Larry Busacca/Getty Images for The New York Times
Journalist Andrew Ross Sorkin (L) and billionaire investor Daniel Loeb participate in a discussion at the New York Times. Loeb has pushed for Sony to spin off its entertainment division.
Vanity Fair recently called him “Wall Street’s biggest bully.”
To George Clooney, he is a Hollywood “carpetbagger.”
Who attracts this kind of bicoastal hostility? That would be billionaire activist investor Daniel Loeb.
He didn’t attend Sony’s first-ever “Entertainment Investor Day", but his months-long campaign to break up the company was very much at issue during the Culver City event.
“It was the impetus to show our wares, and it’s been a pleasure, frankly," said Michael Lynton, the CEO of Sony Entertainment.
Loeb's proposal to break off the entertainment unit
In August, Sony’s board rejected Loeb’s proposal to spin off the entertainment unit from the rest of the company.
But they did vow greater transparency, which is what Thursday's investor day was all about.
For almost five hours, executives like Sony President and CEO Kazuo Hirai made their case for why the company is stronger as a single conglomerate.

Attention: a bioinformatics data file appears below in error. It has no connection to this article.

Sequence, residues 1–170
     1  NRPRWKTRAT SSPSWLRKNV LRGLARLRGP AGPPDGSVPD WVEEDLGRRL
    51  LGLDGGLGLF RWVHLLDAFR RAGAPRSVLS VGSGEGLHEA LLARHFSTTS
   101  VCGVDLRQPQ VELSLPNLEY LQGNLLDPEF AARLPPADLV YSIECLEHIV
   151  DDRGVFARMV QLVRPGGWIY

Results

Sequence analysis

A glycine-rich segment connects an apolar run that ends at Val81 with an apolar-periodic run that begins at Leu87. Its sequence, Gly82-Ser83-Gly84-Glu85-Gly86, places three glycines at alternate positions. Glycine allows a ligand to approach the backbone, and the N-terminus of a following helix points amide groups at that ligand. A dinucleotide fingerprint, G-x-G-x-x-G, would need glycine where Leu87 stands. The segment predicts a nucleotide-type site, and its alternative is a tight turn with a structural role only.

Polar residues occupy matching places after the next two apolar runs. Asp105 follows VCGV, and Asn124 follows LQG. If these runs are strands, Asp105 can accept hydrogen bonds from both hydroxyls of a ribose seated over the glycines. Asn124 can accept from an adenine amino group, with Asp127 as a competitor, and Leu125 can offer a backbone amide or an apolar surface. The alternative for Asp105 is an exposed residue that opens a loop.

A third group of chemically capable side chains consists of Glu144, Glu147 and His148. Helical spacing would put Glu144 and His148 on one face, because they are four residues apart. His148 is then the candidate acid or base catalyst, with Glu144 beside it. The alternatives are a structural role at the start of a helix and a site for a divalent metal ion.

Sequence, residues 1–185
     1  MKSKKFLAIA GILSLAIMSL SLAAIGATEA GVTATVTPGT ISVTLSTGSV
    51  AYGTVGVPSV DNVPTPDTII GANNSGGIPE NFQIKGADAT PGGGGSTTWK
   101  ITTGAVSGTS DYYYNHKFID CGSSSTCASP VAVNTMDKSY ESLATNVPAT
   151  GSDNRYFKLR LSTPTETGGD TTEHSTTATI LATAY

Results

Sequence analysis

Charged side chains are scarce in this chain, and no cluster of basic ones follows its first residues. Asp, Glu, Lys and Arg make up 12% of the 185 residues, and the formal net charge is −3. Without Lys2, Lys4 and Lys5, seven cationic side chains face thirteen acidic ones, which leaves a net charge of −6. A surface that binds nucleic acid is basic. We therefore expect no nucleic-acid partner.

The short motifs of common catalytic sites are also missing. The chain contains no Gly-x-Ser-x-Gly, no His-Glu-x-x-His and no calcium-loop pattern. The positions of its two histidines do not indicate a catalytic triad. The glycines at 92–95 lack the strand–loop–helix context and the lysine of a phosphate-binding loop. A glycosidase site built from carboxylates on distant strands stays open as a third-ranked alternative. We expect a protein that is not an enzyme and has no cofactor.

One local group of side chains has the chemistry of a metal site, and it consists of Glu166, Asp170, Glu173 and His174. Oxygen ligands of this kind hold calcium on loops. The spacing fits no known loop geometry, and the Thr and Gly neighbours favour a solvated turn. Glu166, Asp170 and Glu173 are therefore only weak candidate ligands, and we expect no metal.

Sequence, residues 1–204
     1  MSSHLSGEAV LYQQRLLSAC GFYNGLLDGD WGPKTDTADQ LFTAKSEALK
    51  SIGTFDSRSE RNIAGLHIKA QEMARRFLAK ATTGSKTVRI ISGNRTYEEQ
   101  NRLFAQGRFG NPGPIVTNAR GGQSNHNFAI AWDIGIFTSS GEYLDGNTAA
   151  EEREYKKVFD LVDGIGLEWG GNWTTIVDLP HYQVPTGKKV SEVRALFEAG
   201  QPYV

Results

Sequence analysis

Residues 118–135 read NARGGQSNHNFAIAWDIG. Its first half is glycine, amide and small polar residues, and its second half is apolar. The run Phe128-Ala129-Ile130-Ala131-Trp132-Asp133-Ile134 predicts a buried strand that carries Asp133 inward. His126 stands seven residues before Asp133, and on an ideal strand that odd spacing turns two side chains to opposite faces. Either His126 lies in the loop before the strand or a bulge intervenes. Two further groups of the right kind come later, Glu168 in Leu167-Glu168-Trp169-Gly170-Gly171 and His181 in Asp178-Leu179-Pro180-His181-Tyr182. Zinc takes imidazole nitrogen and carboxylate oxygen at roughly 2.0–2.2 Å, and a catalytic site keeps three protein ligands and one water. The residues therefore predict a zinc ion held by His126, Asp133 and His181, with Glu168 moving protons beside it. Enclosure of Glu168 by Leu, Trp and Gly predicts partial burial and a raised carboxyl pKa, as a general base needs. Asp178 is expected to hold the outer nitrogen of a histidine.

“It really brings to the forefront the power that we bring as a company with all these various assets, and that’s something that’s unmatched in the industry, whether it’s the electronics or entertainment industry,” said Hirai.
Hirai promised to enact more cost-savings at what some, including Loeb, see as Hollywood’s most bloated studio.
Announced at the “Entertainment Investor Day" event - $250 million in cuts that will come from savings in international distribution and marketing, and most certainly layoffs.
The studio will also be releasing fewer films, focusing on its more profitable television business.
One of the most eagerly anticipated offerings is the “Breaking Bad” spinoff, “Better Call Saul,” which will be available for AMC to run next year.